There are many attractions that line the Schuylkill River Trail. For example, both the Philadelphia Museum of Art and the Mutter Museum are located just off the trail. Those looking for a bite to eat while exploring the trail will find many nearby restaurants as the trail weaves next to Center City Philadelphia as well as the Water Works Restaurant and Lounge directly on the trail itself. The Water Works Restaurant and Lounge is located in a building that used to be a part of the actual Fairmount Water Works that once provided drinking water to Philadelphia.  Today the Water Works houses one of Philadelphia’s finest restaurants.  Although be warned, dining at the Water Works is not recommended for those who are enjoying the trail as a place to get in their exercise. (Business casual attire is required at the Water Works and guests cannot wear sneakers.)
Those looking to get in some exercise should know that the Schuylkill River Trail accommodates a lot more than just joggers and cyclists.  The trail runs adjacent to Boathouse Row in Philadelphia, a section of the Schuylkill that is well known for its many rowing events including the Dad Vail Regatta, the largest intercollegiate rowing event in the United States.  Also along the trail is Paine’s Park, a large skate park situated on the banks of the Schuylkill River.
View of Center City Skyline from Schuylkill River Trail
Aside from the many attractions, the trail itself is a beautiful sight.  Combining the beautiful views of nature along the river with excellent views of the Philadelphia skyline, the Schuylkill is truly unique way to see Philadelphia. This is especially true along the Schuylkill River Boardwalk, the newest addition to the trail.  Walking across the boardwalk directly above the Schuylkill River provides for some truly beautiful sights.  The newly constructed Schuylkill River Boardwalk accommodates both pedestrians and cyclists and also contains a number of areas where the path widens.  These areas allow you to have a seat on a bench and enjoy the tranquility of the Schuylkill River.

Insider Tips

While mostly used for exercise and recreation, the Schuylkill River Trail can also be utilized as legitimate piece of transportation infrastructure for cyclists.  For most of its length the Schuylkill River Trail runs entirely independent of motor vehicle traffic providing a safe space for cyclists to travel through Philadelphia.  Most interesting to tourists visiting Philadelphia is the fact that the Schuylkill River Trail will take you directly to Valley Forge, another popular destination for history tourists to Philadelphia. While the 20 mile trek to Valley Forge won’t be for everyone, for those who love cycling the trail provides a great alternative to driving.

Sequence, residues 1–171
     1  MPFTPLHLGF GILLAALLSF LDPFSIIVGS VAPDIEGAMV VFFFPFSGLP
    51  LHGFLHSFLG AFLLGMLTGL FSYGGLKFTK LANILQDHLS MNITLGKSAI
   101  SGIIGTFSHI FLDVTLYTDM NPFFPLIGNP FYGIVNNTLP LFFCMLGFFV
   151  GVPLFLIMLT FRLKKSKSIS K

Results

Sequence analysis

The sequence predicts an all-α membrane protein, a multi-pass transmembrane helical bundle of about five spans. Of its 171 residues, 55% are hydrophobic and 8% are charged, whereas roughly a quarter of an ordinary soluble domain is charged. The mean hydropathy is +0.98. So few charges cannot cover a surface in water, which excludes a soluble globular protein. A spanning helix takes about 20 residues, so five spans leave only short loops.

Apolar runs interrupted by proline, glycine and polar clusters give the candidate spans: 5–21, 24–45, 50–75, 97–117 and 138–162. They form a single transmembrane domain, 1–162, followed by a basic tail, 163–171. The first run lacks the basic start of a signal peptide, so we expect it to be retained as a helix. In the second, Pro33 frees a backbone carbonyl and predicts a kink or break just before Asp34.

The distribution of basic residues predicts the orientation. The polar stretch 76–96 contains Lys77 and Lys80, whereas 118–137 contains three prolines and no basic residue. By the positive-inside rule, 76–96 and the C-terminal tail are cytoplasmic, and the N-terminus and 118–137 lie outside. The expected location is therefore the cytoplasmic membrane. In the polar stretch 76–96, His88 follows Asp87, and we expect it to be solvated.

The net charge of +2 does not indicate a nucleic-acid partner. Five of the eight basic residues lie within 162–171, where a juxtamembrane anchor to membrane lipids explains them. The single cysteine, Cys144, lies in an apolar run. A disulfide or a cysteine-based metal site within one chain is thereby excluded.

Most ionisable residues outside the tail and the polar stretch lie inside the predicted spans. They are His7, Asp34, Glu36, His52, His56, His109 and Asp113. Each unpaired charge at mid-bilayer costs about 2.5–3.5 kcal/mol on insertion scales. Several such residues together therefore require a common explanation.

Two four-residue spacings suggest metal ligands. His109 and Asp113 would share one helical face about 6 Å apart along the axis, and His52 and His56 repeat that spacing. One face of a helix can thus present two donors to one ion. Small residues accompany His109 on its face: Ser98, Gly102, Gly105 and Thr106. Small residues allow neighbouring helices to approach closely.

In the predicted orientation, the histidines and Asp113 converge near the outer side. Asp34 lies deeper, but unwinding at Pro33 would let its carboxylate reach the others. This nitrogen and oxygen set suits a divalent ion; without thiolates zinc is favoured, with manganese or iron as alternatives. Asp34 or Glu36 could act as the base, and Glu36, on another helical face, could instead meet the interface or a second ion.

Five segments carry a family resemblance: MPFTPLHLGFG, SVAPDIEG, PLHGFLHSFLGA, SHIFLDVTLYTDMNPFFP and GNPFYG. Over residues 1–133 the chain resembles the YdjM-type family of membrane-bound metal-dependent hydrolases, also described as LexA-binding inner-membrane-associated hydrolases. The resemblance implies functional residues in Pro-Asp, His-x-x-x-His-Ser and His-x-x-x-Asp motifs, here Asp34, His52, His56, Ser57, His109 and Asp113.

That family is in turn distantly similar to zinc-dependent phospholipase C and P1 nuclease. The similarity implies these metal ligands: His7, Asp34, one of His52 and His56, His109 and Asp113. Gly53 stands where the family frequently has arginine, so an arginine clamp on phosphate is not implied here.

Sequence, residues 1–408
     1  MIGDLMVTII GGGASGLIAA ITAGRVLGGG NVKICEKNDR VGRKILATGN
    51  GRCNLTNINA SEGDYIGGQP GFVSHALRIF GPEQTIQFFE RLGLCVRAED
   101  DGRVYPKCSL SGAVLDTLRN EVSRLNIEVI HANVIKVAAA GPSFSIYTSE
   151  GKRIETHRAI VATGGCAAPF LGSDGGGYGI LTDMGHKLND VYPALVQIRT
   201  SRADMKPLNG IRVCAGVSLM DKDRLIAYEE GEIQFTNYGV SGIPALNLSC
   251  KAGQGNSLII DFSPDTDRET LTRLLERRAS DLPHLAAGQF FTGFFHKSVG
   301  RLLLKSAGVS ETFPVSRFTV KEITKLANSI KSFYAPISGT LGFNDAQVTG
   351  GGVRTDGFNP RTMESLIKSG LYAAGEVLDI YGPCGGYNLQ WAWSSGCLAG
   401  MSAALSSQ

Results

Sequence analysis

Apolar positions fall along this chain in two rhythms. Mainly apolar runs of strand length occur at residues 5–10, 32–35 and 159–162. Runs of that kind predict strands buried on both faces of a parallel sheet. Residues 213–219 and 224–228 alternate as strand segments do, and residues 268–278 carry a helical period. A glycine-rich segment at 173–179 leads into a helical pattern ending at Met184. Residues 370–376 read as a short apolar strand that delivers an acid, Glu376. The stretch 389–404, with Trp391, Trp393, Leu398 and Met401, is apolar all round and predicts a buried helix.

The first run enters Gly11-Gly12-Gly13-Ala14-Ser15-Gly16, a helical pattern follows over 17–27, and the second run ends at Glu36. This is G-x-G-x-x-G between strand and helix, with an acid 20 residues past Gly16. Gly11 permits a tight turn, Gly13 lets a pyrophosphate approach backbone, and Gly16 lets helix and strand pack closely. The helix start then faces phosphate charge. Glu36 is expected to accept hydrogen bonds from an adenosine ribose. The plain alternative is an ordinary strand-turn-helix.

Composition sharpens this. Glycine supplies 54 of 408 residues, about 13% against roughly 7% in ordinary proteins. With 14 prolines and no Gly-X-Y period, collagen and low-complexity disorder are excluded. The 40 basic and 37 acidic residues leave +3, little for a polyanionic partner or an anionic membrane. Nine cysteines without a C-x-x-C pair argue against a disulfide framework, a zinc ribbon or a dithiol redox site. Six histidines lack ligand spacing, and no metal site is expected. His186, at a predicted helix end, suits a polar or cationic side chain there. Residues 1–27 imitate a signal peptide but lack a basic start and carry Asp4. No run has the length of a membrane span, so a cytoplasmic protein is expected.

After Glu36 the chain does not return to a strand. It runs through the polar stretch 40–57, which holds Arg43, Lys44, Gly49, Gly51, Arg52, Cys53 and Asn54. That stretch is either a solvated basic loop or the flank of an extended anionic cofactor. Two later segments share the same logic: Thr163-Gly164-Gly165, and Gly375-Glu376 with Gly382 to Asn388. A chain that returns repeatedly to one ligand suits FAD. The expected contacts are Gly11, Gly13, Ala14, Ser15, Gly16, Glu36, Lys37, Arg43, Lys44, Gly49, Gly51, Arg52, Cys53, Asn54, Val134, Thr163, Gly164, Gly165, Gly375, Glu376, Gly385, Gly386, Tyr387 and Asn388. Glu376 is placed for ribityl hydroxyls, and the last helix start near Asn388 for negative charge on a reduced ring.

How to Get There

The Schuylkill River Trail stretches along the Schuylkill River for miles, including much of the river’s path through Philadelphia. Therefore there are many different ways to access the trail at different locations.  For guests of The Constitutional Walking Tour, the most convenient access point will likely be the entrance just west of 23rd street on Market Street.  This access point is the shortest walk from the National Constitution Center, where all of our tours both begin and end. Guests can walk just one block south to Market Street, from there make a left onto Market St and walk all the way to the Schuylkill River, roughly 1.5 miles away.  The Market Street entrance to the Schuylkill River Trail is also convenient to those looking to take public transit as it is located just a block away from 30th Street Station, which has service from the Market-Frankford Subway Line, all Green Line Subway-Surface Lines, as well as regional rail.
Many of the roads that pass over the Schuylkill River and even a few that do not have access to the trail.  Other useful accesses points depending are where you are located are South Street, Walnut Street, and Race Street.  You can also access the trail from Fairmount Park next to the Philadelphia Museum of Art and Schuylkill River Park.